Why was clemency trending last week?


[sig-nif-i-kuh nt] /sɪgˈnɪf ɪ kənt/
important; of consequence.
having or expressing a meaning; indicative; suggestive:
a significant wink.
Statistics. of or relating to observations that are unlikely to occur by chance and that therefore indicate a systematic cause.
something significant; a sign.
Origin of significant
1570-80; < Latin significant- (stem of significāns), present participle of significāre to signify; see -ant
Related forms
significantly, adverb
nonsignificant, adjective
nonsignificantly, adverb
supersignificant, adjective
supersignificantly, adverb
unsignificant, adjective
unsignificantly, adverb
1. consequential, momentous, weighty. 2. See expressive. Unabridged
Based on the Random House Dictionary, © Random House, Inc. 2015.
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Examples from the web for significant
  • Yet even this was so significant of current thought, and helped so greatly to form public opinion, that it must not be forgotten.
  • Wherever it is prominent it contains the hallucinatory reproduction of a memory which was significant for the hysterical onset.
  • He chooses his characters because they embody concretely and so exemplify the conception he has formed of a significant situation.
  • There is still a third cause for the rise of this nonsignificant form, or rather of non-significant differences of form.
  • Every sentence is doubly significant, and the sense of our author is as broad as the world.
  • Other early engravings are more fantastic and less significant of cruelty.
  • The half-shut lids are even more suggestive and significant of strange thaumaturgic powers.
  • None but the pickiest churl could find a significant omission in this compilation.
  • No people were injured, but the deaths were a significant loss to the small animal population.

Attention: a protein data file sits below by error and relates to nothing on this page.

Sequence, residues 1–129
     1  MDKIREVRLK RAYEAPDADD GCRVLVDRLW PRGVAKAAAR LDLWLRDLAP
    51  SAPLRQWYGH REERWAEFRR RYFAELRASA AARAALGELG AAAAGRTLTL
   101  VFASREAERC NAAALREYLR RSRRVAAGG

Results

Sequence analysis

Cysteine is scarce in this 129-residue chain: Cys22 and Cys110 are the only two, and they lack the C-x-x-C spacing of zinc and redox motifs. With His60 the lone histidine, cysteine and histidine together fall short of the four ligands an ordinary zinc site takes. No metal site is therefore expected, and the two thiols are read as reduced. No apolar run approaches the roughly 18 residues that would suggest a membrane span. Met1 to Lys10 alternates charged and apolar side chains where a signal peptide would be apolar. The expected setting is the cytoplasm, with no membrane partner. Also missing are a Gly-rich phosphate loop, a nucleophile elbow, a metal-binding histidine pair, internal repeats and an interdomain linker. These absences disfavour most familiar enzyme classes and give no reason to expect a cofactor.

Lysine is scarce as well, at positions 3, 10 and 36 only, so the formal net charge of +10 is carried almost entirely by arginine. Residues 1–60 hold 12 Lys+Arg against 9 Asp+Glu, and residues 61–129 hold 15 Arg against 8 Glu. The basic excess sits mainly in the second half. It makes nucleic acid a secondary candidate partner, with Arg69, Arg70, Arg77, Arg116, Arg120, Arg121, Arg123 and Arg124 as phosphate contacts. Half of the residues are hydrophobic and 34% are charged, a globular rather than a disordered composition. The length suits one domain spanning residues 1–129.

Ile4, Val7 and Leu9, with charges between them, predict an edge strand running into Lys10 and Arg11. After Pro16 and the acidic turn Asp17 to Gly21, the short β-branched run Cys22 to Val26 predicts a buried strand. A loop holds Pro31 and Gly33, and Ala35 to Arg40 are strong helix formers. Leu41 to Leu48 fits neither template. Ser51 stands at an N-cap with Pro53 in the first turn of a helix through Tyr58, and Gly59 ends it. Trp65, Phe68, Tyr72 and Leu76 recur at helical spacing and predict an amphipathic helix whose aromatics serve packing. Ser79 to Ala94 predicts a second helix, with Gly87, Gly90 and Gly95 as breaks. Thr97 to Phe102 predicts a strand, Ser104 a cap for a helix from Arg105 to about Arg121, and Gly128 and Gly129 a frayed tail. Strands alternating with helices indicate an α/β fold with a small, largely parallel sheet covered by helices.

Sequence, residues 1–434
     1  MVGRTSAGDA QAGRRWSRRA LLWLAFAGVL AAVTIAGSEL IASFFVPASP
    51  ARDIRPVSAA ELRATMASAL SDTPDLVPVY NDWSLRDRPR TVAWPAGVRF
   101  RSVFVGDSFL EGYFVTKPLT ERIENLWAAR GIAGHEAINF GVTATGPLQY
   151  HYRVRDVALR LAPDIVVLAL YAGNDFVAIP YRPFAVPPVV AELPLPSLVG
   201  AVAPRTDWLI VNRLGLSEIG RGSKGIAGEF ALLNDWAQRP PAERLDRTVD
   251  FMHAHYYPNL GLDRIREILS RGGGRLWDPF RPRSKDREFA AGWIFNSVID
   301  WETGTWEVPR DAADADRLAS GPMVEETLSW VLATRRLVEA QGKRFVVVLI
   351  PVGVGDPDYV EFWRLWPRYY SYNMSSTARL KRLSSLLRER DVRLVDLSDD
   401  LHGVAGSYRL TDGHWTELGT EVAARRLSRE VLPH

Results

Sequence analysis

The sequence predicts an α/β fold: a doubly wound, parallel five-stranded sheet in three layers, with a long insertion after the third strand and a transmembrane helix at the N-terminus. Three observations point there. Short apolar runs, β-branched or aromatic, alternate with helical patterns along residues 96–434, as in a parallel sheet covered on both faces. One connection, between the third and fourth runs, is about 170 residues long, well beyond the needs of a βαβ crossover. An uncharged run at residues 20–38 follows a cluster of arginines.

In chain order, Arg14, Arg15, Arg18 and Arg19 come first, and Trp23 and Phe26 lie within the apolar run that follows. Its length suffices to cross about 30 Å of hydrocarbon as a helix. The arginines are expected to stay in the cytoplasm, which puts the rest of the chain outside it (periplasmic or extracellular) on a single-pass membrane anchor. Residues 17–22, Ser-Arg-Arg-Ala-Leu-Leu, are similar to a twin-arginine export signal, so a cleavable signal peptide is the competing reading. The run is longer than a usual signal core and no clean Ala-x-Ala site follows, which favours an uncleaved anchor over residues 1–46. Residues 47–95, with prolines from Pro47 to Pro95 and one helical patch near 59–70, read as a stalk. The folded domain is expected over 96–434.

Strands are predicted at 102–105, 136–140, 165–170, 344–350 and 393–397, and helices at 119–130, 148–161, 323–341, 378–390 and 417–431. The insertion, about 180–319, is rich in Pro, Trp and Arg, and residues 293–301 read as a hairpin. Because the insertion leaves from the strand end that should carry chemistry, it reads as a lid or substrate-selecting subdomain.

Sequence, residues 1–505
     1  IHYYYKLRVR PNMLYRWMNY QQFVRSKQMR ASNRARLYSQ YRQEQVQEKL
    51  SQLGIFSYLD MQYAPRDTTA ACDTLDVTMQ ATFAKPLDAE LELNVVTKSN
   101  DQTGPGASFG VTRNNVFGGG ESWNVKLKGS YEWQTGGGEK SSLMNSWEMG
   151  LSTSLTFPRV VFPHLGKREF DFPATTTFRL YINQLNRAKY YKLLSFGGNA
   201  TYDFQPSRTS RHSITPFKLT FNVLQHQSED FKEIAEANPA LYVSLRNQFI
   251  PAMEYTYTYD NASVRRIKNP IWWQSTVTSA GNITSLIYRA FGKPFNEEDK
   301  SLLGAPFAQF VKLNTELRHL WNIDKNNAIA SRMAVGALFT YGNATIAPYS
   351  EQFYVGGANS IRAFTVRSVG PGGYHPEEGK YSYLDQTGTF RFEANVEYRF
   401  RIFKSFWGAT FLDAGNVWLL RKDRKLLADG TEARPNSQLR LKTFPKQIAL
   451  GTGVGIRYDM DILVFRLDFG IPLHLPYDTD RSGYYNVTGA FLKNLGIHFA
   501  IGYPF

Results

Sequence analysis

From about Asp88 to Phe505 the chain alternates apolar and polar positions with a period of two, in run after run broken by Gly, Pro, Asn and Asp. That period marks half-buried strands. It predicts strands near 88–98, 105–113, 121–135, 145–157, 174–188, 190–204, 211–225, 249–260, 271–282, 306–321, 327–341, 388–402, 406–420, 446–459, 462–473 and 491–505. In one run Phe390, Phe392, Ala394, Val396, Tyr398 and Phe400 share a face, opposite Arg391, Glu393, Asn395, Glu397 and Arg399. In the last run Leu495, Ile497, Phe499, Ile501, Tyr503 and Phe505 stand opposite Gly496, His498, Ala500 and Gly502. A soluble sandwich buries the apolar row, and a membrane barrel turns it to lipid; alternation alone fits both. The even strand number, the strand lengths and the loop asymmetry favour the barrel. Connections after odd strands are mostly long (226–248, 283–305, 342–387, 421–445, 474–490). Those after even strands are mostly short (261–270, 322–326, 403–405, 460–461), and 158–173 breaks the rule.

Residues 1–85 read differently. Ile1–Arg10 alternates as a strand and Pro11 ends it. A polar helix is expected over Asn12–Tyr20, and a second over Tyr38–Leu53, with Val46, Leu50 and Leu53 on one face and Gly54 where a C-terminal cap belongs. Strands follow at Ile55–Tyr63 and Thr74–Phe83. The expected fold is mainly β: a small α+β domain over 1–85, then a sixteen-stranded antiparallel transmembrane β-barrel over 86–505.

• Maybe the more significant question should be a comparison of the safety of the two sports.
British Dictionary definitions for significant


having or expressing a meaning; indicative
having a covert or implied meaning; suggestive
important, notable, or momentous
(statistics) of or relating to a difference between a result derived from a hypothesis and its observed value that is too large to be attributed to chance and that therefore tends to refute the hypothesis
Derived Forms
significantly, adverb
Word Origin
C16: from Latin significāre to signify
Collins English Dictionary - Complete & Unabridged 2012 Digital Edition
© William Collins Sons & Co. Ltd. 1979, 1986 © HarperCollins
Publishers 1998, 2000, 2003, 2005, 2006, 2007, 2009, 2012
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Word Origin and History for significant

1570s, "having a meaning," from Latin significantem (nominative significans, present participle of significare "make known, indicate" (see signify). Earlier in the same sense was significative (c.1400). Often "having a special or secret meaning," hence "important" (1761). Related: Significantly. Significant figure is from 1680s. Significant other (n.) attested by 1961, in psychology, "the most influential other person in the patient's world."

Online Etymology Dictionary, © 2010 Douglas Harper
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